On a provincial basis, tourism unemployment rates ranged from 3.8% in Manitoba to 19.8% in Prince Edward Island.

The seasonally unadjusted unemployment rates for tourism in each, with the exception of Prince Edward Island, Nova Scotia, and New Brunswick, were below the rates reported for the provincial economy (Figure 1).

Tourism employment comprised 11.1% of the total Canadian labour force for the month.

Table 1 – Employment Rate by Tourism Industry Group – January 2017/2018
Tourism Industry Group2 Unemployment Rate –
January 2017
Unemployment Rate –
January 2018
Tourism 6.1% 5.6%
Accommodations 8.8% 8.0%
Food and Beverage 5.6% 5.3%
Recreation and Entertainment 7.4% 7.9%
Transportation 4.2% 2.3%
Travel Services 8.6% 4.0%
Figure 1 – Tourism Sector vs. Total Labour Force Unemployment Rates by Province (Seasonally Unadjusted)

1 To determine unemployment rates, industrial (NAICS) classifications are based on the most recent job held within the past year, and are self-identified by the respondent. Unemployed persons are those who, during the reference period, were available for work but were on temporary layoff, were without work, or were to start a new job within four weeks.

2 As defined by the Canadian Tourism Satellite Account. The NAICS industries included in the tourism sector are those that would cease to exist or operate at a significantly reduced level of activity as a direct result of an absence of tourism. Source: Statistics Canada Labour Force Survey, customized tabulations. Based on data for the week ending January 20, 2018.

Tourism HR Canada is predicting a summer with a high demand for tourism, but also one that will be fraught with labour difficulties for tourism operators.

In the final month of 2017, Canada’s jobless rate added 79,000 positions and sank to its lowest level in four decades. At 5.7%, the unemployment rate is now below the level that is considered full employment.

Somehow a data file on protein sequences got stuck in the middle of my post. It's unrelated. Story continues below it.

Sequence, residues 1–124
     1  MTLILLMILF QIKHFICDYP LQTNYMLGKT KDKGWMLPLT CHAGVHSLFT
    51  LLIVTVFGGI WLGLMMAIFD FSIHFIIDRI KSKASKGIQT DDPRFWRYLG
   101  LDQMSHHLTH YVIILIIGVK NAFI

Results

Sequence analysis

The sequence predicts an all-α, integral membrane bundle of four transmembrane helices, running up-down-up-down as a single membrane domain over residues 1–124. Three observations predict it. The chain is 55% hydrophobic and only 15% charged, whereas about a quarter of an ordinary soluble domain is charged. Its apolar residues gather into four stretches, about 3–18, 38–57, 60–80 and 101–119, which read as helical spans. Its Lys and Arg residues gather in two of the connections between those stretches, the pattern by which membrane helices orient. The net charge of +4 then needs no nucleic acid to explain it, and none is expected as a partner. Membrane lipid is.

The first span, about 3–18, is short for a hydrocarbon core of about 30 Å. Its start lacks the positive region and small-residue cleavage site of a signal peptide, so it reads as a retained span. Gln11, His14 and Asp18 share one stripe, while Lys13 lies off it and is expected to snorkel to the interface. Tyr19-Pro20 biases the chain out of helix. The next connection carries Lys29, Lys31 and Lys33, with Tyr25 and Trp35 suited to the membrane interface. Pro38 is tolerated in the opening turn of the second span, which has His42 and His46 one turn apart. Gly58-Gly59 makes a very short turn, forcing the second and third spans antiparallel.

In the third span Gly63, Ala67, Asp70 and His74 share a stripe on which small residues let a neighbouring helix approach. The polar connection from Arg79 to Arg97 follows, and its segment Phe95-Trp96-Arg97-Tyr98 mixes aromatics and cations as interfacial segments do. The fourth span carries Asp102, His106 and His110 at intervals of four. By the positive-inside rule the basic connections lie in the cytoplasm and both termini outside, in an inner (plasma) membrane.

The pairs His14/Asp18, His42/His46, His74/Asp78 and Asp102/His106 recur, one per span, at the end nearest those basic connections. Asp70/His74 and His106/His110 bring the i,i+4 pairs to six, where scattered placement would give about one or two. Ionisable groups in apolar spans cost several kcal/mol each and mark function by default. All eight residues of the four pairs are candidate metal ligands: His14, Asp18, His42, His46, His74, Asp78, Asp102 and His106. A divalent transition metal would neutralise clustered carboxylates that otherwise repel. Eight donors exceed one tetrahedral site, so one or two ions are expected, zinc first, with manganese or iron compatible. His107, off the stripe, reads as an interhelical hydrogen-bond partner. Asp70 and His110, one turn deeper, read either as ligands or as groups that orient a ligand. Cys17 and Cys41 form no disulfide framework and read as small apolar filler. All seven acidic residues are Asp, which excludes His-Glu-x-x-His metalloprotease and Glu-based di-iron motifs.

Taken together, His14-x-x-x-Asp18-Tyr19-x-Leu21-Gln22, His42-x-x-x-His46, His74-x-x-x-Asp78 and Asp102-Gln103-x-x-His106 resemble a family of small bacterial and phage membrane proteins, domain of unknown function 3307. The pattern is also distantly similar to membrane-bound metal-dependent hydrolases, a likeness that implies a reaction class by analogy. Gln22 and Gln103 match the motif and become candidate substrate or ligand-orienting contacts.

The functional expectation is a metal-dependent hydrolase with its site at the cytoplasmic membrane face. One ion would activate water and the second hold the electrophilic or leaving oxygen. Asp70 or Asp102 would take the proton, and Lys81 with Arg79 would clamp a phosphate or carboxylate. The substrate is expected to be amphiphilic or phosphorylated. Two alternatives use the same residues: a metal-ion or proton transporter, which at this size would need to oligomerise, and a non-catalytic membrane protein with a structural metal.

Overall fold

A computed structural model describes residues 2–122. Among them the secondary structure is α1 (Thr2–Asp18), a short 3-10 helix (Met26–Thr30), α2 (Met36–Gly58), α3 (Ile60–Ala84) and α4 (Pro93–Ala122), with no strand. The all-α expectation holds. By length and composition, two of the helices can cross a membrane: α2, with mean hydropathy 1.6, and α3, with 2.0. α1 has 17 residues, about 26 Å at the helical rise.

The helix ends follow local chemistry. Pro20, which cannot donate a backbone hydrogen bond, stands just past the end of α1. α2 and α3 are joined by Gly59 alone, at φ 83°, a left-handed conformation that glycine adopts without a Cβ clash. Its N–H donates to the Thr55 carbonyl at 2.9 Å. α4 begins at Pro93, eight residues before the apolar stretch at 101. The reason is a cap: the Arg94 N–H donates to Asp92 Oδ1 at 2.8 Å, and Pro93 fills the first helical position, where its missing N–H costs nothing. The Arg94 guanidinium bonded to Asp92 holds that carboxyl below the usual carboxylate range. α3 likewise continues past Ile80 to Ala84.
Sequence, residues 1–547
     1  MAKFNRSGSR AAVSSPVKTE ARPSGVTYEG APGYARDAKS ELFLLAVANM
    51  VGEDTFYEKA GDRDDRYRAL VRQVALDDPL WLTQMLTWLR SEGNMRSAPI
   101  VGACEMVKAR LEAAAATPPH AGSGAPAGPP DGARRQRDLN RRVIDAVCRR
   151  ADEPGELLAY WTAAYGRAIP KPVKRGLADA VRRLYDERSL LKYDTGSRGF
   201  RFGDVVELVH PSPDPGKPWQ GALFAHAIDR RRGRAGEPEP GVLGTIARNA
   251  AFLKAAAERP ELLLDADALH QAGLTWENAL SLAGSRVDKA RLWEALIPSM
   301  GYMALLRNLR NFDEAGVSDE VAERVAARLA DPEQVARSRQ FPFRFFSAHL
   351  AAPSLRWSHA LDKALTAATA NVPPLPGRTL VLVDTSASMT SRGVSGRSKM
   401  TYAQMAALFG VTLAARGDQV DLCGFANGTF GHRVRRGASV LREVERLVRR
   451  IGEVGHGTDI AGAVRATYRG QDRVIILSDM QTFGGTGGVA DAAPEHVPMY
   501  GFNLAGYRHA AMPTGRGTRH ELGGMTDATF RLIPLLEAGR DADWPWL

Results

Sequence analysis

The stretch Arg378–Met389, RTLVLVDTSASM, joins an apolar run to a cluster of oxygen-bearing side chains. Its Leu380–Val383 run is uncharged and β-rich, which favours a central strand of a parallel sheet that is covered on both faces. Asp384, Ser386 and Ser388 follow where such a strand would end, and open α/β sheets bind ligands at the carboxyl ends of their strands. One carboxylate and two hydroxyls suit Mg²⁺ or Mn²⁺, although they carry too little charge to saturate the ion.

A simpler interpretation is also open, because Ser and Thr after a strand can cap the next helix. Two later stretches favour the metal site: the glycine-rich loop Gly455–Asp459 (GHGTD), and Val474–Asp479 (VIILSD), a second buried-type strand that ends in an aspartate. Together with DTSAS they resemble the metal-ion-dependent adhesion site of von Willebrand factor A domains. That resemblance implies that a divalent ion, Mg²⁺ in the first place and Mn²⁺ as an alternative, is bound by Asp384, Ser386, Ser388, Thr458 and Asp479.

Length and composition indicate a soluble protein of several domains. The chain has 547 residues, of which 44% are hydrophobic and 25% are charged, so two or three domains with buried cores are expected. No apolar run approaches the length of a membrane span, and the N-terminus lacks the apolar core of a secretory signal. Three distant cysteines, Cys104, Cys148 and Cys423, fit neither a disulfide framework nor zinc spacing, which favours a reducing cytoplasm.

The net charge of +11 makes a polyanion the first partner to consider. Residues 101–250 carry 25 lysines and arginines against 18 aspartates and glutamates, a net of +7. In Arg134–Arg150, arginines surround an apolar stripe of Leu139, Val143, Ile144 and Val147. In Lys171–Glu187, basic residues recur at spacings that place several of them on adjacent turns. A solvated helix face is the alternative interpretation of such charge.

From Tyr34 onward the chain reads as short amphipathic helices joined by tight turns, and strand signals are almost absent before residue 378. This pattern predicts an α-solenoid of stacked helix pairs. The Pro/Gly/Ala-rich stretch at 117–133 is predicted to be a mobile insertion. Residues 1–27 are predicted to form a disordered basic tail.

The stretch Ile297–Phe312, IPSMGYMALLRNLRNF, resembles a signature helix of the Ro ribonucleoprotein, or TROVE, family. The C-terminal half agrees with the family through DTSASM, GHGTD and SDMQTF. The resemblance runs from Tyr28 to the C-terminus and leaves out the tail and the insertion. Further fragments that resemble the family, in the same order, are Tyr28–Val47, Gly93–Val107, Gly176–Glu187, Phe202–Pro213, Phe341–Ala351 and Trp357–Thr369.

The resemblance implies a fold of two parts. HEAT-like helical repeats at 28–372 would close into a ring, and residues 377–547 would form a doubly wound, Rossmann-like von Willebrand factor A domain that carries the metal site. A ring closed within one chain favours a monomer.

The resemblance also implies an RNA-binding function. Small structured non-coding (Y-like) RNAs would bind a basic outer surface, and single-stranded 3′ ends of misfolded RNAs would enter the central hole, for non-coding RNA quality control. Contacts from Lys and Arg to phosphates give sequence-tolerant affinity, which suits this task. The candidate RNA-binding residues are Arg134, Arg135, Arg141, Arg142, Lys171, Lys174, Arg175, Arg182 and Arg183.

As reported by the Globe and Mail, a difficult year is expected for employers. In a strong job market, employers have to make extra efforts to retain their existing staff, who will be afforded plenty of opportunities for greener pastures.

Tourism operators should expect to see particular difficulty this year, notably during the summer months. Our Canadian Tourism Employment Snapshot for December showed that tourism unemployment stood at 5.0%, down from 6.5% in December 2016. Readers should note our labour force data shows seasonally unadjusted rates, while the commonly reported rate of 5.7% for the whole economy is the seasonally adjusted rate.1

What is most concerning: the tourism sector’s unemployment rate fluctuates over the year. Below is the monthly trend line for tourism unemployment for the last decade. In 2017, the rate bottomed out at 4.4% in July and 4.8% in August—making summer, peak tourist season in most areas of the country, the most difficult time to find staff.

Figure 1 –Tourism Unemployment Rate 2006 to 2017

Tourism’s annual unemployment rate has also trended lower than that of the overall economy for the better part of last decade, as displayed here.

Figure 2 –Seasonally Unadjusted Unemployment Rate

We have already seen how labour shortages negatively impact tourism operators. There have been reduced business hours, hotel rooms taken out of circulation, and—in extreme circumstances—temporary closures due to a lack of workers.

Compounding the issue, this could be another record year for tourism in Canada. In 2016, Canada welcomed 20 million international visitors, the highest number since 2002. The celebration of Canada’s 150th birthday, combined with a low dollar and greater international recognition of Canada as a leader on the world stage, led to continued growth in 2017. This year is the Canada-China Year of Tourism, which will continue to drive international tourists to Canada.

On the business front, this is great news, but the labour situation may truly put the screws to business operators as they struggle to find the staff needed to meet demand. This, in turn, could hurt tourism’s economic impact and our reputation as a tourism destination, as travellers are potentially met with closed doors, lower levels of service, and a less rich experience than we could provide with a full complement of well qualified tourism professionals.

1 Seasonally adjusted data removes regular annual events, such as holidays, climate, and vacation periods, that affect employment. It is not available for the tourism sector. Using seasonally unadjusted numbers allows comparisons between the tourism sector and the overall economy.

This March, Tourism HR Canada will host tourism and hospitality stakeholders from across Canada, seeking their input, ideas and strategic advice on current and emerging labour market issues. Made possible by funding from Employment and Social Development Canada (ESDC), associations, employers, academia, and government representatives will have frank discussions on urgent labour market issues and recommend actions to address the issues.